Furthermore, resistor R1, R2, R2' may be fabricated in integrated circuit form as a pinch resistor by methods known to those skilled in the art. Pinch resistors are indicated in FIG. 2 by the horizontal lines adjacent the resistance symbols. The use of a pinch resistor tends to compensate for process-related variations in β because the value of a pinch resistor is directly proportional to the β of the transistors on the same integrated circuit substrate. If the ratio R2/β for Q4 can be held to a constant value, equal to 2 VBE /IOUT, then each slave path will draw essentially the same current from node n1 when it is enabled as it does when it is disabled. In such case, direct coupled amplifier 10 may be replaced by a direct connection having no substantial intervening impedance.
Finally, the use of direct coupled amplifier 10 provides current gain between the collector electrode of transistor Q1 and node n1. Therefore, the effect of any changing current demands at node n1, with regard to diverting a portion of input reference current from master transistor Q1 to supply such changing demand, is reduced by a factor proportionally related to the current gain of transistor Q7.
The magnitude of output current to input reference current ratio may be scaled by choice of the respective emitter-base junction area ratio of master transistor Q1 and slave transistor Q4 (shown as 1:n in FIG. 2). Thus, the required reference current may be small compared to the output current level, a useful feature permitting relatively high peak output current when multiple LED displays are used in a scanning mode. In such case, each LED segment is strobed for a short time but with a higher instantaneous current. Also, LED display segments requiring a higher output current or a lower output current for uniform brightness (as in the case of a decimal point for example) are easily accommodated by appropriate choice of emitter-base junction area of the respective output slave path transistor (e.g., 1:m ratio for Q1:Q4' in FIG. 2). Respective additional transistors and series resistors are scaled accordingly.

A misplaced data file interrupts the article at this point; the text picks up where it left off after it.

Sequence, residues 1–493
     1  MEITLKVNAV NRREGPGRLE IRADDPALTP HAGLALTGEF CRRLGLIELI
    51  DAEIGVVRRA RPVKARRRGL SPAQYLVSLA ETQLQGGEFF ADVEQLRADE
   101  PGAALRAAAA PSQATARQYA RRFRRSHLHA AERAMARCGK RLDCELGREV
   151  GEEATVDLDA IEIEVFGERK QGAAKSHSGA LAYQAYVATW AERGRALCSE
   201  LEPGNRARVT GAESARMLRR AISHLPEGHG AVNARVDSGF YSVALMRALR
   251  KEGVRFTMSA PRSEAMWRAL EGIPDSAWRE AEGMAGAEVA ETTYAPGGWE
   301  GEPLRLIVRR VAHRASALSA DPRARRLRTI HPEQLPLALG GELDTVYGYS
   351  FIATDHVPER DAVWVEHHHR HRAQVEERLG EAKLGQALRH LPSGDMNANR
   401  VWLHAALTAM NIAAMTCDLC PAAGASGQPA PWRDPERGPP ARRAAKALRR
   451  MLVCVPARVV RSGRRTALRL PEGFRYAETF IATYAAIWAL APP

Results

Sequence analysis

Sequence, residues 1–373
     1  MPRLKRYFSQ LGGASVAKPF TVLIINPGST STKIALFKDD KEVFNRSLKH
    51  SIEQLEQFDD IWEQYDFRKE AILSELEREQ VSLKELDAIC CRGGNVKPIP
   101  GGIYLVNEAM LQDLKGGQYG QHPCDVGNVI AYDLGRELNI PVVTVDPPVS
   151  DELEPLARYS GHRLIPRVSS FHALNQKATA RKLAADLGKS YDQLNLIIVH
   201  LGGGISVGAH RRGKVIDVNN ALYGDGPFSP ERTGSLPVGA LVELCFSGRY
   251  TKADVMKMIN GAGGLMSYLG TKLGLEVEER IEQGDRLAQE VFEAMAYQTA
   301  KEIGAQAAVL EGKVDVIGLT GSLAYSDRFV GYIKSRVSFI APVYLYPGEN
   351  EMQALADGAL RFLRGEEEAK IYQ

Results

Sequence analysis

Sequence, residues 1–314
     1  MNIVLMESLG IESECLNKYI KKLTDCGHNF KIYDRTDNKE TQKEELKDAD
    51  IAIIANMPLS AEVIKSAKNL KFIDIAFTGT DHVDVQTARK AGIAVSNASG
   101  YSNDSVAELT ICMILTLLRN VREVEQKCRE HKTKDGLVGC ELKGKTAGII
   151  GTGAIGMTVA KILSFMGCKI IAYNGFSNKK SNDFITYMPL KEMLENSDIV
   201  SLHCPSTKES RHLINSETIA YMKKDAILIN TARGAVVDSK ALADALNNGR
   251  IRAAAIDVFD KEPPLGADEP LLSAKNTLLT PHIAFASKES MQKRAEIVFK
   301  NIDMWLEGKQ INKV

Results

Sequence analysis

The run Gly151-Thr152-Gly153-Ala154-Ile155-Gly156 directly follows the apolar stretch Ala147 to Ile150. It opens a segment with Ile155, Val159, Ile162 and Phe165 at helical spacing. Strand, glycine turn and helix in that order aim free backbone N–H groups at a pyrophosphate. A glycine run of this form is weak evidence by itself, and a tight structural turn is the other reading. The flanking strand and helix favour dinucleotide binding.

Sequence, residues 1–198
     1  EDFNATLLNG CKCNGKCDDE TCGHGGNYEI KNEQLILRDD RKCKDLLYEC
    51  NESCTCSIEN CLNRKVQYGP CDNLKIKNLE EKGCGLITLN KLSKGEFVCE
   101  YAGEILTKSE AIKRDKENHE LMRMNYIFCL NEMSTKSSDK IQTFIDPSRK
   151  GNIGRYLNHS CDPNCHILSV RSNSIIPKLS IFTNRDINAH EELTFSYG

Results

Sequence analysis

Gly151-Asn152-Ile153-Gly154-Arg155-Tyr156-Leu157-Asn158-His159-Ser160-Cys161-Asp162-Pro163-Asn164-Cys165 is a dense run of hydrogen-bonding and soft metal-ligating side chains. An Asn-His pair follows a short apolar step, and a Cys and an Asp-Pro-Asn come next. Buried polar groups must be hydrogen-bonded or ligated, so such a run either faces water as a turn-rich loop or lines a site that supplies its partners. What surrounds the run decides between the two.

In FIG. 2, transistor Q7 also supplies the collector current of additional transistors Q3, Q3', which respective collector electrodes are connected to node n1. FIGS. 3 and 4 show alternative slave output stages wherein the collector electrode of the added transistor Q3 is not connected to node n1. In FIG. 3, the collector electrode of transistor Q3 is connected to a source of operating potential, which may for example be potential V2 at terminal 15. For such arrangement, the change in collector current of Q3 does not compensate for the change in current from node n1 through resistor R2 as previously described. In FIG. 4, the collector electrode of transistor Q3 is connected to the collector electrode of output transistor Q4 in a Darlington configuration. The latter configuration is less desirable because the output voltage at the collector electrode of transistor Q4 in FIG. 4 cannot go below a VBE which reduces the voltage available for driving the LED load.